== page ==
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Wednesday, 21 December 2011

Congress’s mental Kremlin

This is not in defence of the media or pleading not to shoot the messenger. There is a case for that kind of an argument but not now. There is a strong perception in the minds of intelligent people in the Congress party, and the many good souls who sincerely support them, that the Anna Hazare agitation — many in the media call it a movement — got ballast because of the 24x7 television news channels giving it disproportionate screen time.

No doubt there is a complicated relationship between an event and its coverage. Saturation coverage of an event in the media moulds the event in many ways, strengthening it in some ways and weakening it in others, the effects are unintended consequences. The relationship of an event to its media coverage is to be compared to the puzzling phenomenon in quantum mechanics where the observer alters the position of the sub-atomic particle he or she is observing. It, however, is another story that some scholar with a French intellectual’s inclination for theorising should pursue in all epistemological seriousness.

The Congress’s complaint that the Hazare phenomenon is a media-generated revolution is overstating the power of the media even in media-saturated times like ours. After the Hazare issue, there is the growing belief that all the troubles that the Congress-led UPA2 government finds itself is in is due to malicious black magic of the media is gravely mistaken. For years now, the Congress displayed an imperious contempt for the media. Indira Gandhi had famously described the big newspapers as the voices of the jute barons and not of public opinion. She might have been quite right in her class analysis.

Trouble never stems from media. It is when a political party loses the confidence of people across the country that it slides in the eyes of the public.

The Congress’s woes are of its own making. The media did not urge, and even if it did, the government was not obliged to listen, to co-opt Hazare and his friends, out of fear and out of cunning into a joint drafting committee. The media did not urge prime minister Manmohan Singh or Congress president Sonia Gandhi to write letters to Hazare, pleading with him.

Similarly, the 2G spectrum allocation scam is not the media’s work. It was the intelligence agencies that were tapping lobbyist Nira Radia and industrialists like Ratan Tata, and what was gossipy stuff of their personal interaction led to other inconvenient truths. The courts were forced to take cognisance of the whole issue because of public interest litigation petitions. Then there was the Comptroller and Auditor General report on the 2G spectrum allocation and its exaggerated figure of potential loss.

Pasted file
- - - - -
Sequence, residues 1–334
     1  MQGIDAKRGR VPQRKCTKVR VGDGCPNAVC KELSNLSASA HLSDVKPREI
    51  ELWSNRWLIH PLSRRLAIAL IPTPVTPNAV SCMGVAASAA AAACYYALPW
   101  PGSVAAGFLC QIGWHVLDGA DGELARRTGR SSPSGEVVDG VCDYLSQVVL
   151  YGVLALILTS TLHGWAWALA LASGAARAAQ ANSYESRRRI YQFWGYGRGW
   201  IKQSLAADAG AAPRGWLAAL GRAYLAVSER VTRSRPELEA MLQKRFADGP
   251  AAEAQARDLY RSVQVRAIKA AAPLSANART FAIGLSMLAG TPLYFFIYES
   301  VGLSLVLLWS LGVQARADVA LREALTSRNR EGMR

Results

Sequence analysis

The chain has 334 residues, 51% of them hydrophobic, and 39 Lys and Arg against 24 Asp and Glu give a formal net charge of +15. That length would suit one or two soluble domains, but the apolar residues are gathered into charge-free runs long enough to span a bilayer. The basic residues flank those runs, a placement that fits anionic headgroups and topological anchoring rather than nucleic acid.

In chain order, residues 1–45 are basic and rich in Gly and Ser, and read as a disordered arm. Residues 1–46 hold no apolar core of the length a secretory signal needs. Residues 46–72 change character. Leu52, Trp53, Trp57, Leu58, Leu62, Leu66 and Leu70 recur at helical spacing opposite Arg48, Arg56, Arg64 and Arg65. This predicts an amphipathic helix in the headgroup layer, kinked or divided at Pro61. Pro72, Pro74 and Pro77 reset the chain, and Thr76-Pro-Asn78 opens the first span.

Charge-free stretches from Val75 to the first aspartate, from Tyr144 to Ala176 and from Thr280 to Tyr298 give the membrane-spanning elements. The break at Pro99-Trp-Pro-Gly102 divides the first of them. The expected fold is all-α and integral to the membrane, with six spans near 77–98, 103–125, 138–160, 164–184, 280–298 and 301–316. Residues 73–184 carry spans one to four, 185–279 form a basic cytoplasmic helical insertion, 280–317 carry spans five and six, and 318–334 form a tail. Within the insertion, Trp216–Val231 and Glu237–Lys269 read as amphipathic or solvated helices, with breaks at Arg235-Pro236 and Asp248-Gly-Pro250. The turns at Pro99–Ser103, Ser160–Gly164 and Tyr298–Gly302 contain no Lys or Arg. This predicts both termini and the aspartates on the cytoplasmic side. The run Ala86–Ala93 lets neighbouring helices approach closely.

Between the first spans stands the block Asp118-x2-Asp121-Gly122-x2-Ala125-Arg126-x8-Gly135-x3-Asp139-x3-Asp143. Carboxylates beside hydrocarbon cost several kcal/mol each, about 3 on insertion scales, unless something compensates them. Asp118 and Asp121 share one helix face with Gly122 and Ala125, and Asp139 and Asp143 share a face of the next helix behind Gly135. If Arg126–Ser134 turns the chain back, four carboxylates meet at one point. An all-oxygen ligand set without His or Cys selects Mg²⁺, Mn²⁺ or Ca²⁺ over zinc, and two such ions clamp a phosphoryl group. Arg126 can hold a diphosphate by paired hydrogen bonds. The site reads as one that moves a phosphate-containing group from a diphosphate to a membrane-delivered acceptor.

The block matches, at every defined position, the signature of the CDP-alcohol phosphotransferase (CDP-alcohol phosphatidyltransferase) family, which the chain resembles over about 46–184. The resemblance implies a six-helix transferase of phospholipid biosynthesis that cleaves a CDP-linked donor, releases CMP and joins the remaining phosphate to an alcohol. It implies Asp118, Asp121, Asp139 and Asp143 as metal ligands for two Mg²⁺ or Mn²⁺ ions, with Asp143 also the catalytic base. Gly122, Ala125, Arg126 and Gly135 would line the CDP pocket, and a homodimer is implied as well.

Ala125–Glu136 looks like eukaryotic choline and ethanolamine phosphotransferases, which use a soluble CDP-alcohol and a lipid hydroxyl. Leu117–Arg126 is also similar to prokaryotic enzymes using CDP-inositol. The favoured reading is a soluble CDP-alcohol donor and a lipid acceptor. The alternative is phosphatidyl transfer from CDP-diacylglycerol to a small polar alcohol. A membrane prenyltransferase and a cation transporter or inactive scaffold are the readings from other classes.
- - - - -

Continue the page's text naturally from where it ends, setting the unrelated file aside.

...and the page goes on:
The mishandling of the Commonwealth Games in Delhi in October 2010 was a public spectacle. The media did not have to unearth any story. They were out there.

The media does not make and unmake governments. It is a useful conspiracy theory. There are sections of the media that do unabashedly carry out a propaganda war. That is one thing we have to accept in a democratic society. It is one of the inevitable and necessary aspects of media that it should take partisan positions. The objective, neutral Olympian vision is one among many of these partisan positions. People are not swayed by what the media say. Most of the English language media have been against reservations for Other Backward Classes (OBCs) and they carried out an open campaign. The popular verdict in election went the other way.

One of the interesting lessons is from the 2004 Lok Sabha election. The media seemed to be blacking out the Congress, which had been out of power for eight years. The media was quite in favour of the ruling National Democratic Alliance. There was no anti-BJP sentiment in the air according to the media. In April 2004, Pranab Mukherjee and Kapil Sibal came for a media briefing and pleaded with the media to print and telecast what the party had to say.

When told that Mahatma Gandhi spoke directly to the people and that the Congress should do it again, Mukherjee said that in this age, media was very important. The Congress won that election because people wanted a change. The BJP, which was better than the Congress in its media-friendly attitude, believed the media and felt that it was coming back to power. The BJP and the media got the 2004 election wrong. This is just an example.

Once in power, the Congress forgot the need to keep its communication channels open. It locked itself up in its mental Kremlin. The group of ministers to deal with the media was an afterthought to deal with the political crisis created by the Hazare group. The problem with the Congress-led UPA government is that it is committing too many forced and unforced errors. It is not the fault of the media.


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